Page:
Students from the University of South Carolina Upstate’s inaugural class were lauded Thursday during a reunion luncheon for being pioneers who gambled their careers on an unproven nursing program.
Twenty-four of the 36 members of the Class of 1969 gathered in the Campus Health Education Complex for the luncheon. Most are long retired from nursing; a few used canes as they navigated the building that houses the Mary Black School of Nursing. Brunette and blond has been replaced in most cases by silver or white, which created a contrast as the luncheon guests gathered around a large class picture of themselves that was taken when they were young women in starched-white caps and dresses, with their careers still ahead of them.
USC Upstate was founded in 1967 in part to address a nursing shortage that was expected because Spartanburg General had shuttered its nursing program. The original student body numbered 177.
Those first nursing students took advantage of a pilot program at an unproven school, making them true pioneers in their profession, USC Upstate Interim Chancellor Mary Anne Fitzpatrick, Ph.D., told luncheon attendees, including some of the original faculty and several of the graduates’ husbands.
“We share a deep gratitude to you as you took a chance on us,” Fitzpatrick said. “When you came to the university to begin your degree, it was very new, and it was somewhat controversial. You were committing to a two-year academic degree that was to replace a three-year in-hospital program that was very popular at the time. And because of your innovation, because of your sense of dedication, because of your real commitment to trying something new, we are where we are today.”
The University’s chancellor elect, Brendon Kelly, Ph.D., was also on hand for the luncheon, and talked about the novelty of the event.
“This University was founded by all of the people in this room,” Kelly said. “The products of a university are the students that graduate from it, and your stories become the stories of the university, and I couldn’t be more pleased to be a part of what is really a special celebration for any university in the United States. There are very few institutions in the United States that can celebrate a luncheon with the original graduating class.”
Jane Bottsford, chairwoman of the Class of ’69 and a current member of the Spartanburg County Commission for Higher Education, spoke to the group about what it meant to go through the experience together.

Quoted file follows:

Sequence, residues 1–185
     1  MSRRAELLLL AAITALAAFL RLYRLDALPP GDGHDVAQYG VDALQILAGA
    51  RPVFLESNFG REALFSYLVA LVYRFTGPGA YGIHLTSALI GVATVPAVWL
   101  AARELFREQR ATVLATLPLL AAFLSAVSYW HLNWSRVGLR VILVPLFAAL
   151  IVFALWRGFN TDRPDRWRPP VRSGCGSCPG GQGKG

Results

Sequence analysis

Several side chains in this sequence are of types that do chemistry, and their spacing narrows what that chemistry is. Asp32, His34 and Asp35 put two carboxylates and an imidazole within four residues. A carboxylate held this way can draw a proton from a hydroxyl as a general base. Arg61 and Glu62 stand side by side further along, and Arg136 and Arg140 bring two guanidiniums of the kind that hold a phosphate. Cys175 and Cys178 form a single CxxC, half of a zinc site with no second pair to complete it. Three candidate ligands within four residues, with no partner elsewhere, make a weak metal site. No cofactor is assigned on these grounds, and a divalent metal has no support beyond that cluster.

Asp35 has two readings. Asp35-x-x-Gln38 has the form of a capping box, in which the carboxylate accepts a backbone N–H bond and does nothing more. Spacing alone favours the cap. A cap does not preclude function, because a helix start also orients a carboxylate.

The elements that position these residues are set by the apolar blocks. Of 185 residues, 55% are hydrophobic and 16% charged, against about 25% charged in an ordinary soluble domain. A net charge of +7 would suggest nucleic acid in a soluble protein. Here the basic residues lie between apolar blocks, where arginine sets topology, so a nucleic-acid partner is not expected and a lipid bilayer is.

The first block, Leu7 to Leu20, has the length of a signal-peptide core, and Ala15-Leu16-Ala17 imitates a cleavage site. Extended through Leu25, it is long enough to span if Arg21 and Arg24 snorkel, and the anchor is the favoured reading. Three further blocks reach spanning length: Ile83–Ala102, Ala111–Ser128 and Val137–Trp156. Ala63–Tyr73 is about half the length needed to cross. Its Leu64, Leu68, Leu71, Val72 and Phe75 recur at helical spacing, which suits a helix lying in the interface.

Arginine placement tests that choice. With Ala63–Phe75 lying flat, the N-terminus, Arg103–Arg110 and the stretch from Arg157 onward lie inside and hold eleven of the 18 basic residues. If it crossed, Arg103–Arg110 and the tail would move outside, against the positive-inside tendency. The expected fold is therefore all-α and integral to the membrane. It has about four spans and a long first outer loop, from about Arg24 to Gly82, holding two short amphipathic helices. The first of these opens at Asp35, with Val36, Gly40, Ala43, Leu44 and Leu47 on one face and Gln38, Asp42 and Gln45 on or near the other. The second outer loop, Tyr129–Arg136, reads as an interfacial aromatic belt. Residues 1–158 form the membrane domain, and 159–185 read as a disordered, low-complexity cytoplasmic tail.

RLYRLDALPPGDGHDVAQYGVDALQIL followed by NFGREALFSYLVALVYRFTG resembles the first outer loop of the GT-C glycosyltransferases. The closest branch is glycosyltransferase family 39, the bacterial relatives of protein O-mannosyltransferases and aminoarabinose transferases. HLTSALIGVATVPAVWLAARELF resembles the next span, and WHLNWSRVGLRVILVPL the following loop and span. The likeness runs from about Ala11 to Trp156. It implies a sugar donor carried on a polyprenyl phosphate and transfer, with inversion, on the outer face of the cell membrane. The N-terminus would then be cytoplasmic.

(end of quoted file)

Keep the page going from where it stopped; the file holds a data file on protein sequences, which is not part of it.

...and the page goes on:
“I know that all of us, when we first started in school, had never a clue that in 50 years we would be seeing each other, and that we would all look this great,” Bottsford said to applause and chuckles. “Memories – that’s what this is about. We are memory makers. Each one of you has a place in our hearts, and whenever I think about my nursing career, it has to start always with the university.”
A Spartanburg native and graduate of Byrnes High School, Cathy Quinton said she had wanted to be a nurse, and the fledgling school offered her the opportunity to achieve that dream.
“It’s just fabulous to think that you got in on the beginning of something that has grown to become such a great institution, that offers such a quality education,” Quinton said. “We had a fine education. It was a very close, intimate group, and (the school’s first faculty members) cared about us. And then for us to be here 50 years later and be able to see each other and celebrate everybody’s achievements, their families, their lifestyles – it’s awesome.”
After the luncheon, Dr. Katherine Gibb, dean of the Mary Black School of Nursing, took the Class of ’69 members on a tour of the School of Nursing’s current facilities, including the simulation lab – the largest in the state dedicated to nurses’ training – that features realistic mannequins used to simulate a wide range of conditions the nursing students will encounter after they enter the workforce.
About USC Upstate
USC Upstate offers more than 40 bachelor’s degree programs in the liberal arts and sciences, business administration, nursing, and teacher education, and master’s degrees in education, informatics, and nursing. Among the fastest-growing universities in South Carolina, USC Upstate is a diverse and dynamic community of 6,000 students from across the Upstate, 36 states, and 15 countries. As a leading metropolitan universities in the Southeast, USC Upstate has its main campus in Spartanburg, two locations in Greenville, and a growing number of programs online. The USC Upstate Spartans, which fields 17 varsity sports, compete on the NCAA Division I level as a member of the Atlantic Sun Conference. Nearly 26,000 alumni have earned degrees from USC Upstate and approximately 85 percent choose to remain in the Upstate region to build their lives and careers, making a significant impact of the region’s economy and quality of life. Learn more at www.uscupstate.edu.